Monk in the World guest post: Asther Bascuna-Creo

I am delighted to share another beautiful submission for the Monk in the World guest post series from the community. Read on for Asther Bascuna-Creo’s reflections about the vow of conversion (conversatio) in Benedictine life:

Always we begin again – St Benedict

On the weekend I went out for a walk with my husband and little boy. It was a beautiful morning, the sky was blue and made an even deeper shade of blue because of the lush greenery in my surrounds. It was a beautiful neighbourhood, and we have chosen well where to establish a home.

During our walk however there were at least three houses with a ‘For Sale’ sign. Chris and I pondered at the story behind this sign. What was it that made some decide to sell their home?

Last night I had the opportunity to arrive at an answer when I saw my neighbour in front of her house. She too had a ‘For Sale’ sign on her lawn. She was tending to her garden, and I felt ashamed at the state of mine in front of hers. She had taken care of her home lovingly all through the six years that we have been neighbours.

I enquired about the sign and I thought I detected regret in her voice when she answered, “Because we have to.”

I was struck by the brevity of her answer, like she didn’t need any more words, and also by the familiarity of it, like it could have come from me. It could have been the very same line I uttered 10 years ago when we packed our belongings and the sum of our life into three luggages and two boxes headed for Australia. Though we came willingly, I know how it feels to have your feet planted firmly in two different places – one onwards to the future, and the other one reluctant to let go and take a big step.

A street separated me from my neighbour but I felt we understood each other without needing to cross the distance with our words. As we both went back to our gardens I wondered whether I should have said more, and strived harder to offer comfort. I wanted to let her know I know how it felt to lose a home. But there was also something else.

I wanted to tell her that while you can easily lose a home, so too can you gain a new one. You do not really leave the old one behind. While you don’t physically bring it with you, the life you have made there is something you carry with you forever.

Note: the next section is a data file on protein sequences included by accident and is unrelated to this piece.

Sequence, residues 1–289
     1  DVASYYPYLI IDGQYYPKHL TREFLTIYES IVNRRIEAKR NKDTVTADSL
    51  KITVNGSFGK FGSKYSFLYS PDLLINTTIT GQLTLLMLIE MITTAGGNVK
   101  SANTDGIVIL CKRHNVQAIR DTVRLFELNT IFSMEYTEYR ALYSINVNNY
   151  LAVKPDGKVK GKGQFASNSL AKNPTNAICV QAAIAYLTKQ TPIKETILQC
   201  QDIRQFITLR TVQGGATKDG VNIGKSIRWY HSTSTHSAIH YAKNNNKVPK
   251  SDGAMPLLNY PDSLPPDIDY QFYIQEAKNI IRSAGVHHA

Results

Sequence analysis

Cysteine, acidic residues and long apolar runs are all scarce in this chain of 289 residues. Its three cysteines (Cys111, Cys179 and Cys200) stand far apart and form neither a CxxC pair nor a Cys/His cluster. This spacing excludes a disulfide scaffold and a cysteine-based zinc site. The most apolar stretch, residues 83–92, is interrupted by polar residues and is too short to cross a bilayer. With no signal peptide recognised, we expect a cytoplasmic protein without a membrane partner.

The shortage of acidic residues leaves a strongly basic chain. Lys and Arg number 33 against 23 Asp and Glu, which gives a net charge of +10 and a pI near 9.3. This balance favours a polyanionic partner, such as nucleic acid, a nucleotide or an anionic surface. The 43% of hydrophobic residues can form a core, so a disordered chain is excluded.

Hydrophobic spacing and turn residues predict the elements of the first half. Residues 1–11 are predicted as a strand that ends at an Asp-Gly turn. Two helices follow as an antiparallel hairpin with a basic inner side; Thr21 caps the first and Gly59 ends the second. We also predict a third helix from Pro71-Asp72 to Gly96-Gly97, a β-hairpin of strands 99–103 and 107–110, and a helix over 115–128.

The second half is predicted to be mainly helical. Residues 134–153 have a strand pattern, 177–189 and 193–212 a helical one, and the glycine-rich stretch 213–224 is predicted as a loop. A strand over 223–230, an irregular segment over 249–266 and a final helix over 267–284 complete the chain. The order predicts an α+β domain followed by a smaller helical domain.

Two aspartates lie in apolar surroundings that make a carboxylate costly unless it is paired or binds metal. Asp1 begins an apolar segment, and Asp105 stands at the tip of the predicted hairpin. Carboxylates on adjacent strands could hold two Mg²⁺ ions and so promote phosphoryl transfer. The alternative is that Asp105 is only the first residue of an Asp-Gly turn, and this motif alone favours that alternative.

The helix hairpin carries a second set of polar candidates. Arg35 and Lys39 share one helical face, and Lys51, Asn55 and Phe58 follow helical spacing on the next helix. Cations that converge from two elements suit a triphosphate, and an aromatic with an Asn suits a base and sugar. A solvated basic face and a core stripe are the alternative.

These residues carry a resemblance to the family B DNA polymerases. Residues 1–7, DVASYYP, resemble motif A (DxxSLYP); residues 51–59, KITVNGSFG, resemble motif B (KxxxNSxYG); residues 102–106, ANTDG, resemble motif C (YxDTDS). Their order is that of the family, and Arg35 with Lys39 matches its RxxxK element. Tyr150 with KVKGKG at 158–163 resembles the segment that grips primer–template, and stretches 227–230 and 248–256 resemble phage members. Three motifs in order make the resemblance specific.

That is part of the cycle of life: the impermanence, the continuous changing and shifting, the constant movement.

As we stand at the precipice,
As we ponder on the next step,
As we hesitate on the cliff of change,
So too do we exalt at each rise and fall.
So too do we rejoice at each losing and gaining.

And while we may mourn at the end,
So too do we delight as we begin again.

Always we begin again.


Asther CreoAsther-Bascuna-Creo lives in Melbourne, Australia and works as a content editor. She is also a freelance writer and a mother to three children. When her husband was ordained in November 2014 as a permanent deacon with the Archdiocese of Melbourne, she assumed another title – a deacon’s wife. She loves how all of these roles feed into her creative process and how they lead her to the path of discovery.

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8 Responses

  1. Thank you for sharing Asther. I am particularly struck by your line…
    “I know how it feels to have your feet planted firmly in two different places – one onwards to the future, and the other one reluctant to let go and take a big step.”

    I am in the midst of some major shifts in my life…some I have chosen some I have not. Your writing helped me to “see” that the pain I experience in transition is from attempting to do the splits, front foot moving forward,back foot still reluctant to move.
    I never enjoyed my attempts at doing the splits, the pain didn’t seem worth the result!
    In this sense I am grateful for pain and the mercy of the Holy Spirit. Pain gives me cause to pause, Holy Spirit helps me to consider what I am clinging to.

  2. Thanks for this. It’s inspiring, encouraging for me as we will be selling our home farm of 40 years in the near future, and moving on.

  3. THANK YOU .I just learned I have to find a new place to live and love and have been feeling the grief of the loss and fear of not knowing where I am going .your message brought me comfort with the reminder
    That is part of the cycle of life: the impermanence, the continuous changing and shifting, the constant movement.

    As I stand at the precipice,
    As I ponder on the next step,
    As I hesitate on the cliff of change,
    So too do I exalt at each rise and fall.
    So too do I rejoice at each losing and gaining.

    And while I may mourn at the end,
    So too do I delight as I begin again.

    Always I begin again.
    I am open for my new beginning
    Thank you again

    1. Thank you Renie, I am glad the article was able to provide comfort. I too have experienced when others’ words have brought me comfort and inspiration – and I think this is the real value of sharing our stories with others. May you find peace amidst the impermanence of life.

  4. Asther – Thank you so much for sharing your story! I am blessed by your words and by your life which makes your words possible. God bless you – Barbara :-) Jeremiah 29:11

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